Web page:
Giorgio Tsoukalos: Atlantis Was a Flying Island, Aliens Brought Robots and Airplanes to Greece
It’s been a while since we’ve heard from our friend Giorgio Tsoukalos, but the online iKypros.com published a Greek-language profile of the Ancient Aliens star yesterday, apparently reprinted from the Greek Espresso tabloid newspaper, and it contains a few gems. Since it’s written in Greek, a few translations of the relevant and interesting sections are in order, starting with the first paragraph, which is a doozy:
His hairstyle choices ... may seem strange, but they have perhaps played a role in his international recognition as one of the most famous proponents of the theory that the heavenly beings mentioned in all religions were nothing more than visitors from outer space! (ellipses in original)
(All translations in this blog post are my own.)
The article, written by Manos Tsagkarakis (as I transliterate his name), describes Tsoukalos as “the star with the weird hairdo” but is nevertheless thrilled that he is of Greek decent.
The reporter gives Tsoukalos’s birthdate as March 14, 1978, which I’m happy to have since Tsoukalos’s age has been reported differently in other sources. It describes his childhood in Switzerland, his fluency in multiple languages (English, French, German, Greek, and Italian), as well as his introduction to the sport of bodybuilding at the age of 13. The profile says that Tsoukalos organized major bodybuilding events, such as Mr. Olympia, while still a teenager, since it claims he was doing this while also earning his bachelor’s degree in sports communication from Ithaca College. He graduated from IC in 1998, at the age of twenty.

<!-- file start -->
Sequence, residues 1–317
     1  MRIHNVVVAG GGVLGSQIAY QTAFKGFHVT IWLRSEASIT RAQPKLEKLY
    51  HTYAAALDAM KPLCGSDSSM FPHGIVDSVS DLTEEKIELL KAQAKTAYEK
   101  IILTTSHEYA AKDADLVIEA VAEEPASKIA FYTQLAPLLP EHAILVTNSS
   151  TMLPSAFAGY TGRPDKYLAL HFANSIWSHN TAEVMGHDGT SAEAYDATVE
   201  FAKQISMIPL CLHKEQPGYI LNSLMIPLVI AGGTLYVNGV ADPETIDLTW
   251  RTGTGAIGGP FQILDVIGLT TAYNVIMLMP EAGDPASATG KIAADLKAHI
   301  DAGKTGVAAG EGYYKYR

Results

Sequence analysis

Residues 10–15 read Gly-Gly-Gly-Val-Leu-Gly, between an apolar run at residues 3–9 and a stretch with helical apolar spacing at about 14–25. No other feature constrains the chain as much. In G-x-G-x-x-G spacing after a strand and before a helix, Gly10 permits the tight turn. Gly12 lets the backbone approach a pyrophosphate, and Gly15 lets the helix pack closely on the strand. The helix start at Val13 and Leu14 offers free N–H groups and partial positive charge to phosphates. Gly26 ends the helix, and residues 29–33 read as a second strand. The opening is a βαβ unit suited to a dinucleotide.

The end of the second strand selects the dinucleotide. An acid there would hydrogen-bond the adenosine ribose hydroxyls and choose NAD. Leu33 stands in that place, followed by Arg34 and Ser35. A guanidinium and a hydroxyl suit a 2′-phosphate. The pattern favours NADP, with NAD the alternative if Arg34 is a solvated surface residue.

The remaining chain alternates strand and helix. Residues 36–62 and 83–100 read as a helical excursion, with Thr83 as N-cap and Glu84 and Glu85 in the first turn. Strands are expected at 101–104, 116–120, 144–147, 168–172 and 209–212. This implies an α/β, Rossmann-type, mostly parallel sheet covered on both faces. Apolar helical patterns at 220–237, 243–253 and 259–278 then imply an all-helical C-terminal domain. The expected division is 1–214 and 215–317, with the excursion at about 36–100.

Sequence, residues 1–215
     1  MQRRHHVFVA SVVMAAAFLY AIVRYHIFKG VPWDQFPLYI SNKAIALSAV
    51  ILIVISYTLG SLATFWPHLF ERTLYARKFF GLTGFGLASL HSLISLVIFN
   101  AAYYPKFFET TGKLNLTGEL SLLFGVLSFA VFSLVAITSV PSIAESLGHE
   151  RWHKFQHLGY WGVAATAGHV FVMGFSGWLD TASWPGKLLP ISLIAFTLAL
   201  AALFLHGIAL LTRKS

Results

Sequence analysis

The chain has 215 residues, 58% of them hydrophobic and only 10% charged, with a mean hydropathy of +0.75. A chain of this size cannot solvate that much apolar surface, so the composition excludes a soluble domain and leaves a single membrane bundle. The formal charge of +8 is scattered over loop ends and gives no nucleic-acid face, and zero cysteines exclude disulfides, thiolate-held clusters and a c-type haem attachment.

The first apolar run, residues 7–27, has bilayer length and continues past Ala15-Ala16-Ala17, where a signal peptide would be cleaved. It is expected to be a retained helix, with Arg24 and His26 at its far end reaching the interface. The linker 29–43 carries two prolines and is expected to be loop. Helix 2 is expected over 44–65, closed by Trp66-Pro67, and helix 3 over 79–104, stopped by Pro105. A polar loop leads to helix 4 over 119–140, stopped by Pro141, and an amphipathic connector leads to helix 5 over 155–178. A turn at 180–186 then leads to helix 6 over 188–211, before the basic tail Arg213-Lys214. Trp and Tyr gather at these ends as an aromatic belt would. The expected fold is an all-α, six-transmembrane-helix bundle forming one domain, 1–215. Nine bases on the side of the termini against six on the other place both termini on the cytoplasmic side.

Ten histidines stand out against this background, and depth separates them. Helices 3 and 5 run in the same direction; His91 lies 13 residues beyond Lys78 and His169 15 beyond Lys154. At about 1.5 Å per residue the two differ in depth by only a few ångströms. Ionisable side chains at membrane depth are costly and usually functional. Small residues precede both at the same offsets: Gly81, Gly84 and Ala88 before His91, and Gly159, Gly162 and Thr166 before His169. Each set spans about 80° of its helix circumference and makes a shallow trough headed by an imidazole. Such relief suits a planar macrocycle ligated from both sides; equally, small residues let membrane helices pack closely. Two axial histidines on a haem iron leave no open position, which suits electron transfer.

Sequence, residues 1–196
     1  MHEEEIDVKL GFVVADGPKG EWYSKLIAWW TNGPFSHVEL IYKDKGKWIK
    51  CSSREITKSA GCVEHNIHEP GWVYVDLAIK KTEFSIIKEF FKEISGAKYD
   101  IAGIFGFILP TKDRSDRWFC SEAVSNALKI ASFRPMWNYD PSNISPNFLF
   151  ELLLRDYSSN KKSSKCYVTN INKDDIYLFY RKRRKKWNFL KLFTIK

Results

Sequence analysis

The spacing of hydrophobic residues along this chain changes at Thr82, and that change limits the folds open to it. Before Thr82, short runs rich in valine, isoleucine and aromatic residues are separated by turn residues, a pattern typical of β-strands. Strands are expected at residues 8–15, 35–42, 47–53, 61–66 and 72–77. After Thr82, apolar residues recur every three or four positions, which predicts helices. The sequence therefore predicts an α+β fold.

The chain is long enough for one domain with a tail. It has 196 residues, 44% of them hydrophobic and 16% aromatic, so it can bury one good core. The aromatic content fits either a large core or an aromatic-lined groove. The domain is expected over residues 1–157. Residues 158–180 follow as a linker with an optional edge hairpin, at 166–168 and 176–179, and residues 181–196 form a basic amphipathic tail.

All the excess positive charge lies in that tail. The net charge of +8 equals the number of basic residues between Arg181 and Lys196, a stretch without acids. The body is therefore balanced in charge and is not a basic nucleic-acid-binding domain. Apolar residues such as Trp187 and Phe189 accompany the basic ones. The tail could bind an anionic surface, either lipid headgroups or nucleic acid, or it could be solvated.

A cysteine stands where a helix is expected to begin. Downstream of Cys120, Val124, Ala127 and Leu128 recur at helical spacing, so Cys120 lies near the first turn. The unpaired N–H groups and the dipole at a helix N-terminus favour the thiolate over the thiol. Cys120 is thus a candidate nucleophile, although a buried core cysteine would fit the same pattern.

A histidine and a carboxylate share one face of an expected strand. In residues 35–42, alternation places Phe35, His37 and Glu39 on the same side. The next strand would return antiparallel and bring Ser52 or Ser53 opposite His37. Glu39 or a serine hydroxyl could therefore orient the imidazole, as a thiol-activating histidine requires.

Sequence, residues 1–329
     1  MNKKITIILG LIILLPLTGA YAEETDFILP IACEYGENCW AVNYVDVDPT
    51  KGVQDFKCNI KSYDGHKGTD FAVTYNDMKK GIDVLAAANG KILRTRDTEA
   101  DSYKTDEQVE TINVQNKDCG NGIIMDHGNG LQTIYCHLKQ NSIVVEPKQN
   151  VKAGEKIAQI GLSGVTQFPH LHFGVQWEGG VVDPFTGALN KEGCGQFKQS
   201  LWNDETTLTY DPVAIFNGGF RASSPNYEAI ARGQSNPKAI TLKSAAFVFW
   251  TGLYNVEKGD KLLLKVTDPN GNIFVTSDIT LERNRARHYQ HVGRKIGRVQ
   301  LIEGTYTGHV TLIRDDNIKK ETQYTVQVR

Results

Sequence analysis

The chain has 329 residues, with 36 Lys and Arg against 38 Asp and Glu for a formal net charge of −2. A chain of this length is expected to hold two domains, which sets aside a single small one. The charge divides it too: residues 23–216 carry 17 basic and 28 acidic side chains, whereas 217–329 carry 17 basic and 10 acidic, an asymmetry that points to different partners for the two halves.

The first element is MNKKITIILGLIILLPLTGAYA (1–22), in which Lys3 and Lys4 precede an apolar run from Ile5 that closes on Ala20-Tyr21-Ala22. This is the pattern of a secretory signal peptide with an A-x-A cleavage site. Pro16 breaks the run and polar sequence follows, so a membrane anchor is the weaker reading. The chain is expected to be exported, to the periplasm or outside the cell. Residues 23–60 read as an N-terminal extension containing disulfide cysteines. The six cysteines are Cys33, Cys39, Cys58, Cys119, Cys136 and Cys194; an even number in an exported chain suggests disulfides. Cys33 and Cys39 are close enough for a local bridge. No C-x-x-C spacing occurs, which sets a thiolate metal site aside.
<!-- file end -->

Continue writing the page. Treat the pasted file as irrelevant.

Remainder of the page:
(Disclosure: I graduated from IC in 2003, but Tsoukalos had graduated before I started college. I met him only once while I was in school, in 2002, when I interviewed him for a class project.)
Tsoukalos told Tsagkarakis that he has conducted in-person investigations of ancient sites in 54 countries, from which, of course, he has turned up no physical evidence of ancient astronauts. “I believe that aliens inspired earth’s massive monuments, but they did not build them! Perhaps they may have built only Puma Punku in Bolivia,” he said. The reporter then trusts Tsoukalos to provide “factual” information about Puma Punku and falsely reports that Puma Punku is 12,000 years old (with an exclamation point after the date, no less). Puma Punku is believed to have been built in the centuries before 1000 CE, and the earlier date is based on the incorrect work of Arthur Posnansky, who assumed that nearby Tiahuanaco had been laid out in 15,000 BCE to track the position of the sun in that year.
Tsoukalos told Tsagkarakis that human beings worshiped the aliens as gods and that the Greek gods were not just aliens but super-scientists: “The gods of mythology were space travelers who created genetically-engineered creatures such as the Cyclopes and Centaurs, robots like Talos, and traveled with flying machines,” he said.
He didn’t use qualifications that time, and these are actually testable claims! Let’s see, do we have any skeletons of Cyclopes or Centaurs? No, we don’t. There isn’t a shred of evidence that either creature ever actually existed. Being fluent in German, he is of course aware of the century-old claim by Othenio Abel in 1914 that the Cyclopes were inspired by fossil elephant skulls.
Do we have evidence of robots like Talos? Well, the Greeks and Romans were masters of clockwork masterpieces—the Byzantine emperors had one of the most impressive clockwork “robot” displays in history, by all accounts—but there isn’t even good evidence that Talos was a robot. As Arthur B. Cook demonstrated a century ago, the oldest references to Talos heavily imply that he originated as the Cretan sun god, not as a robot. Only later was the Minoan figure thought to be the last survivor of the Age of Bronze, and still later a man made of bronze, as Apollonius describes him in the Hellenistic Argonautica (4.1639-1693; parallel to the Orphic Argonautica 1358-1360 and Apollodorus (1.9.26).
I’ve described this at length in an earlier blog post, but the highlights are that the “ancient texts” state that Talos was a living creature, that he had a father, and that he had children. Therefore, he was either not a robot or the ancient texts are wrong, in which case we have no evidence to use.